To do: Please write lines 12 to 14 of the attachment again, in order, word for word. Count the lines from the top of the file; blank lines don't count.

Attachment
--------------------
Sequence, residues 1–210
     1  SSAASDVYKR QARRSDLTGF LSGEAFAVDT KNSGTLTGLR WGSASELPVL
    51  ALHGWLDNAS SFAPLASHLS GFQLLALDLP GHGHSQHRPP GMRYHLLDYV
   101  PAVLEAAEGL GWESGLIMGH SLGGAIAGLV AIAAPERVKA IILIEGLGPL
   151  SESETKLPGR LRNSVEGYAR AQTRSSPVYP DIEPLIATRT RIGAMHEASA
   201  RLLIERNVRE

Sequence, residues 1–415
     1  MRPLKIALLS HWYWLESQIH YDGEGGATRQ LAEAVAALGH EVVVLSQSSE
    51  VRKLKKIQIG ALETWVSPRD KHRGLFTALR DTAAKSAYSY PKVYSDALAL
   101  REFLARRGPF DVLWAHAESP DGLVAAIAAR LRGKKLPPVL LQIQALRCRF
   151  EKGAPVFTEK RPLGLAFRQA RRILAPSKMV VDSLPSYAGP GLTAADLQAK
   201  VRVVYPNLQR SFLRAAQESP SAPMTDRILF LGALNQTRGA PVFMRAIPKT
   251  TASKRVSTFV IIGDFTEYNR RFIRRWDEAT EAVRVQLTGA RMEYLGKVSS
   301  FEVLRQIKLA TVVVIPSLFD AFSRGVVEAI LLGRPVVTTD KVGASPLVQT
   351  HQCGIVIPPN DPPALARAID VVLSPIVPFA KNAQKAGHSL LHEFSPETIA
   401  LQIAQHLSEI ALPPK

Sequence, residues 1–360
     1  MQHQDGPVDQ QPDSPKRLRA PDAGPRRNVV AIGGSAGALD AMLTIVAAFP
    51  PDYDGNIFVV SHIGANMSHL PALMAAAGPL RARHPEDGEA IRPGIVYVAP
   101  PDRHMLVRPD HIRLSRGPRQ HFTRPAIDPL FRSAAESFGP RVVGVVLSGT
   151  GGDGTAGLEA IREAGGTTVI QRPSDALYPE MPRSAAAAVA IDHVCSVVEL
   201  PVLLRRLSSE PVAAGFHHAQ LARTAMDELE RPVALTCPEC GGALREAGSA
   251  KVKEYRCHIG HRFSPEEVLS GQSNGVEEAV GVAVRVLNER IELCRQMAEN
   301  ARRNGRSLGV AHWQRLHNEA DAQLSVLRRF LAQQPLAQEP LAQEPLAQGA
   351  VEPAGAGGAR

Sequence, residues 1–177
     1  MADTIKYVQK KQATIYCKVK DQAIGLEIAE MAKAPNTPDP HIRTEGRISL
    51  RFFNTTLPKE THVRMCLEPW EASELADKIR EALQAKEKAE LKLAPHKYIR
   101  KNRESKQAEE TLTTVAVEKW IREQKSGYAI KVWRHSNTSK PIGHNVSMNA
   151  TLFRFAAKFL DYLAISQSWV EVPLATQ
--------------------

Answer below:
   201  VRVVYPNLQR SFLRAAQESP SAPMTDRILF LGALNQTRGA PVFMRAIPKT
   251  TASKRVSTFV IIGDFTEYNR RFIRRWDEAT EAVRVQLTGA RMEYLGKVSS
   301  FEVLRQIKLA TVVVIPSLFD AFSRGVVEAI LLGRPVVTTD KVGASPLVQT